Tocce also wants to see protections for patients who fear what could happen in their home state if they need to travel to a safe state, like Colorado, to have an abortion. He said “I can’t stress enough” how scared patients are on top of the stress that comes with paying and traveling to make a difficult medical decision. She said the same goes for providers who face harassment.

“I get harassed every day when I walk into work, just like my patients,” Toccee said. “I have patients who cry because they were harassed by a man with a megaphone calling them killers, and that really affects a person and makes people even more scared, both providers and patients.”

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Abortion providers call for more resources, protections as Colorado sees influx of patients jason crow abortion 082422
U.S. Rep. Jason Crow speaks during a meeting with abortion providers on August 24, 2022, at the Anschutz Medical Campus in Aurora. (Lindsey Toomer/Colorado Newsline)

Finally, Tocce said he wants to make sure that patients seeking abortion services actually get them, which, he said, means investigating “bogus centers that offer falsely advertised and dangerous services,” such as medical abortion reversals. He said that some of these centers are enrolled in Medicaid.

Tocce was not the last to mention the problems these centers create for abortion providers. Aurea Bolaños Perea, director of strategic communications for the Colorado Organization for Latina Opportunity and Reproductive Rights, said these centers, often called crisis pregnancy centers, specifically target low-income people of color.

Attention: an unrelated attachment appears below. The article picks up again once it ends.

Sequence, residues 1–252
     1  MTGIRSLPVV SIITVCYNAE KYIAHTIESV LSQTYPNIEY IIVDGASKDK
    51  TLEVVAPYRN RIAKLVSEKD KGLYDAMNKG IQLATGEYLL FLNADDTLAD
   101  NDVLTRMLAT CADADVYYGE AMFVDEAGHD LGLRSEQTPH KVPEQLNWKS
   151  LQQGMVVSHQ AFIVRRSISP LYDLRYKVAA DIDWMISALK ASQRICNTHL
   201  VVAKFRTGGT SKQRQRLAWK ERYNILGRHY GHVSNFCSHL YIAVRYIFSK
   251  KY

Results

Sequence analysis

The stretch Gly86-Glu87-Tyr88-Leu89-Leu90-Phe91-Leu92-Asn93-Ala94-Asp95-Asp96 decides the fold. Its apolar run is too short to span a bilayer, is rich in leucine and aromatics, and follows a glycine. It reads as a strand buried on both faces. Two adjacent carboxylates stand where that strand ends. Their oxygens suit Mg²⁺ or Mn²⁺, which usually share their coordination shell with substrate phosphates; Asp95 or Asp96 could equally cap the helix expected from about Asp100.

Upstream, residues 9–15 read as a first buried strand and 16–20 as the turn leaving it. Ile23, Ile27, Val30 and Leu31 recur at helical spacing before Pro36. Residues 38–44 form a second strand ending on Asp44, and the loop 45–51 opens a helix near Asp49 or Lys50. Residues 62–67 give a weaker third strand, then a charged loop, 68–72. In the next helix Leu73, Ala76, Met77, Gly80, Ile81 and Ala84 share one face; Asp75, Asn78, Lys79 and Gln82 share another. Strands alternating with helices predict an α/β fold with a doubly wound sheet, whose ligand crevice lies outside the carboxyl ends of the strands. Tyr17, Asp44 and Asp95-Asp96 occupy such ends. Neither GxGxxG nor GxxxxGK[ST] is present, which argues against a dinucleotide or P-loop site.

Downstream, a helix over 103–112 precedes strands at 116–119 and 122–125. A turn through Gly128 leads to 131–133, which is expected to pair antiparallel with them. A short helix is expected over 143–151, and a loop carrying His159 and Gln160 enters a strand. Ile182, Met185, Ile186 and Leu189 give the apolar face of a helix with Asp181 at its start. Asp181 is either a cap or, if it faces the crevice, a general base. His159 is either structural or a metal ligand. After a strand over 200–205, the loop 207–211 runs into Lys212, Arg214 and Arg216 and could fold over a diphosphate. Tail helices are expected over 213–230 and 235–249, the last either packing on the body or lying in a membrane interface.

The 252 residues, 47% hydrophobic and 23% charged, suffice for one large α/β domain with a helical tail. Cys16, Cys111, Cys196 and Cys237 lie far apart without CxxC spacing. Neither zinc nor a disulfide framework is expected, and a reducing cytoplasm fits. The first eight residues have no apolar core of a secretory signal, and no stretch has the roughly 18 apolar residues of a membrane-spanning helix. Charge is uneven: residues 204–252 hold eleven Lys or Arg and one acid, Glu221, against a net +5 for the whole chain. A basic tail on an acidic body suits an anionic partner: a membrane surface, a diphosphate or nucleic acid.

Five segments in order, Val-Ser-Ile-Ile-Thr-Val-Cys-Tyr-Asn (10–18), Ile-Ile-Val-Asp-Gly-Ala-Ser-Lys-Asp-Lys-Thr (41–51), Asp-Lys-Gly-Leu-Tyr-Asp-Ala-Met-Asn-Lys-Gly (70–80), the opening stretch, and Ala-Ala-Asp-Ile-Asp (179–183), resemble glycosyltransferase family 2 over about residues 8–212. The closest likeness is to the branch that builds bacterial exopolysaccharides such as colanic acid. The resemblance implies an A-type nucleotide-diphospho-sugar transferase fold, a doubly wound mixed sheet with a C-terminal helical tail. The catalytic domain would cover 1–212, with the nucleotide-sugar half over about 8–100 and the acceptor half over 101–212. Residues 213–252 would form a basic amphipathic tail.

“They already outnumber abortion clinics three to one in the entire United States,” Bolaños Perea said. “They more than duplicate our clinics here in the state of Colorado, and they work under the guise of offering medical care.”

Bolaños Perea reiterated that the fact that abortion is protected as a right in Colorado does not mean that it is equitable or accessible. She said the state will remain vulnerable until the Reproductive Health Equity Act, which protects abortion rights in Colorado and was signed into law this year, is enshrined in the state Constitution.

“A basic principle of reproductive justice is that we have the human right to live in safe and healthy environments whether we decide to be parents or not,” said Bolaños Perea. “Access to abortion is a part of what we need to live a self-determined life. That means nothing when we don’t have access to safe housing, clean water, the legal right to live and work here, transportation, childcare, and so much more.”

Christina Soliz, political director of COLOR, noted the importance of ensuring that federal and state funds can be used to help with abortion access. She also emphasized the importance of using genderless language and ensuring that culturally competent abortion care is available in a person’s native language.

Kelsey Laurer, an Army veteran and certified nurse midwife who also teaches at Anschutz, said she has been working to get midwives at the university-affiliated abortion clinic, but wants advanced practice providers like midwives, nurse practitioners and assistants doctors are able to provide abortion services as well.

Laurer said she would ideally like to see funds allocated so advanced practice providers can get the training they need to be able to perform abortions and help with the demand physicians face. She said it took many months of coordinating with the clinic to get some of these providers to help with abortion care on a part-time basis.

“Most abortions in Colorado are medical abortions, and I think it makes sense for advanced practice providers to shoulder some of that burden,” Laurer said. “It’s really hard when there’s nothing simplified about education in schools. We don’t get the exposure to provide medication or…aspiration abortions as we can to the extent of our license.”